Table tennis totem Paul Drinkhall rued not taking the game to Singapore as England’s men’s team were forced into the bronze medal match at the Commonwealth Games.
England lost the opening doubles of their semi-final clash before the Loftus star came to the fore by winning his first singles 3-1 against Zhe Yu Clarence Chew.
Liam Pitchford’s defeat meant Drinkhall had to win to force a decider and he obliged with a 3-0 victory over Yong Izaac Quek but Sam Walker’s defeat ended England’s hopes of backing up their No.1 ranking by taking gold.
Drinkhall said: “We said before the match we need to get to three and that's all it is. It's a team match.
“We win and we lose together. Unfortunately today we lost. They were better. That's the simple thing.
“I don't mean that they wanted it more but they handled their emotions a bit better.
“Possibly us being the No.1 seed we let them attack us a bit too much, rather than us trying to get in front and take the game to them.”
The result means Drinkhall is not guaranteed a seventh Commonwealth Games medal with England facing a straight shoot-out tomorrow to replicate their third-place finish from the Gold Coast four years ago.
The 32-year-old added: “We want to win every game we play. We've got four players.
“We'll go and eat and rest, talk about tomorrow and either opponent we play is going to be difficult.
“We're going to go out and play and do what we can. Hopefully it's enough to get the medal.”
Around the corner in Birmingham’s NEC, Wearside warrior Kiaran MacDonald said he could not wait to get into the ring and it showed as he breezed his way into the Commonwealth Games quarter-finals.
The silky Sunderland fighter gave a timely reminder of his podium potential with a clinical unanimous points victory over 2018 bronze medallist M Vidanalage Ishan Ranjeewa Senevir of Sri Lanka.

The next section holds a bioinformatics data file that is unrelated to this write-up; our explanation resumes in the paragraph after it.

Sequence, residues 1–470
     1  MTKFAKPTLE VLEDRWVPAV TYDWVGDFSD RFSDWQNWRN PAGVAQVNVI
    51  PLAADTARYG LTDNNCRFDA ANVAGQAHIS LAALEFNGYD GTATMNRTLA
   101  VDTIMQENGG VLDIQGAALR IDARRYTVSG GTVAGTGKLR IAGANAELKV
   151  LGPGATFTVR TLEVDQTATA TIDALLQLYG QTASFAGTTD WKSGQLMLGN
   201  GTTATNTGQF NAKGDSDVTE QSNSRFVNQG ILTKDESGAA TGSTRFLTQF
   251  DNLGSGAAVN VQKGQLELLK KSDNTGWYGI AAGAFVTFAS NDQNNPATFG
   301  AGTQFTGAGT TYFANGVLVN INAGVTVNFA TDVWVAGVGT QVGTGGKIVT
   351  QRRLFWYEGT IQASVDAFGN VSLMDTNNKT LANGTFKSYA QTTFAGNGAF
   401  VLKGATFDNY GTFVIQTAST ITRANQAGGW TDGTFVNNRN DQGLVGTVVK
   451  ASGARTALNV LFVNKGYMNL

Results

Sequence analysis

MacDonald was full of confidence after pulling off the boxing mantra of hit and don’t get hit to a tee, displaying a fleet of foot that he hopes will take him all the way to the top.
He said: “I'm over the moon. The first one is always the worst, so it's great to get it out of the way. I have spent a week seeing everyone else winning, so it is great to get in the ring and get the job done.
“I knew he was a seasoned operator but he just rushed it and telegraphed it a bit. I felt like I was a step ahead all the time.
“I felt like I was a level above today and I’ve just got to build on this for my next performance.”
European silver medallist MacDonald will return to action in Thursday’s quarter-final against Otukile Rajab Mahommed of Botswana and is set to be cheered on once again by his army of travelling fans.
He said: “It’s massive [to have my family here], they don’t get to watch us compete much live. I think the last time I competed in England was 2017, so it’s massive to have the Games on my doorstep.
“The opening ceremony made the hairs on my neck stand up and walking out in the arena with everyone behind you it’s great to have the nation’s support.”
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